Snaefell

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Snaefell
Isle of Man
Snaefell - geograph.org.uk - 32568.jpg
Snaefell
Summit: 2,034 feet SC397881
54°15’48"N, 4°27’46"W

Snaefell is the highest mountain of the Isle of Man, and the island's only summit higher than 2,000 feet. Snaefell rises at its summit to 2,034 feet above sea level. The summit is crowned by a train station, café, and several communications masts.

Views

It is a well-known saying in the Isle of Man that on a clear day six kingdoms can be seen from the top: England, Ireland, Scotland, Wales, the Kingdom of Mann and the Kingdom of Heaven.[1]

The plaque at the summit indicates the directions of five points from Snaefell as well as their distances:

Ascent

View to Snaefell

The A18 Snaefell Mountain Road passes over the slopes of Snaefell, and is the highest section of the Snaefell Mountain Course over which the Isle of Man TT Races are held. Walkers often use the car park on this road near the Bungalow railway station (the last railway stop before the summit station) from which there is a rough path to the peak.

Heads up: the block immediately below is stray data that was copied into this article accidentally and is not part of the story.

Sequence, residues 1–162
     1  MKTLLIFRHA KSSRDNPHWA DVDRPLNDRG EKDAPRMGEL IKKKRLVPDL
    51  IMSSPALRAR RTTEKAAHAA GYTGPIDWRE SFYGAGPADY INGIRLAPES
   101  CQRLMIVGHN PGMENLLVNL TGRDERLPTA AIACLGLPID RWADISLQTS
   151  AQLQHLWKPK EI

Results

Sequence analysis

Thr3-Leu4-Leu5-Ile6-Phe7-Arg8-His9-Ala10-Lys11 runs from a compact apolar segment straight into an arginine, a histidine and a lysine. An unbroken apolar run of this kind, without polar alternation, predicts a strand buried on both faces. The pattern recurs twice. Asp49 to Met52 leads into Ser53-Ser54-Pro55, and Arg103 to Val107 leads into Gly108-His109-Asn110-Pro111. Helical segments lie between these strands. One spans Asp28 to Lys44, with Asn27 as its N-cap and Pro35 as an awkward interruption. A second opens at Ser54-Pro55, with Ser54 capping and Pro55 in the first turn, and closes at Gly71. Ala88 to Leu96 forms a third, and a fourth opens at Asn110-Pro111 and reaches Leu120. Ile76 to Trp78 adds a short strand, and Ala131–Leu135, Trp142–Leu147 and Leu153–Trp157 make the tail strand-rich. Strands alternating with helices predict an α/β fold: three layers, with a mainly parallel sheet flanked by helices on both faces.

The trail has sections of gravel, slate stones, grass, and rock. While the angle of ascent steepens significantly closer to the summit, special climbing equipment is not required. However, caution is required in steep areas as the grass, earth, and rocks are often slippery. An average climb time on foot on a dry footpath is about 45 minutes.

A geodetic marker embedded in the small, concrete obelisk indicates the true mountain summit. The rock cairn standing nearby has an information plaque on top.

Snaefell Mountain Railway

Snaefell Mountain Railway tram

The Snaefell Mountain Railway was begun in 1895, and took just seven months to complete. The line runs four miles from the village of Laxey to the very top of the mountain.

It is the only electric mountain railway in the British Isles, a tram line at a gauge of 3½ feet on a 53 chain line. The service is seasonal, typically from April to October. The ride from Laxey to the summit takes thirty minutes.

Pictures

Outside links

References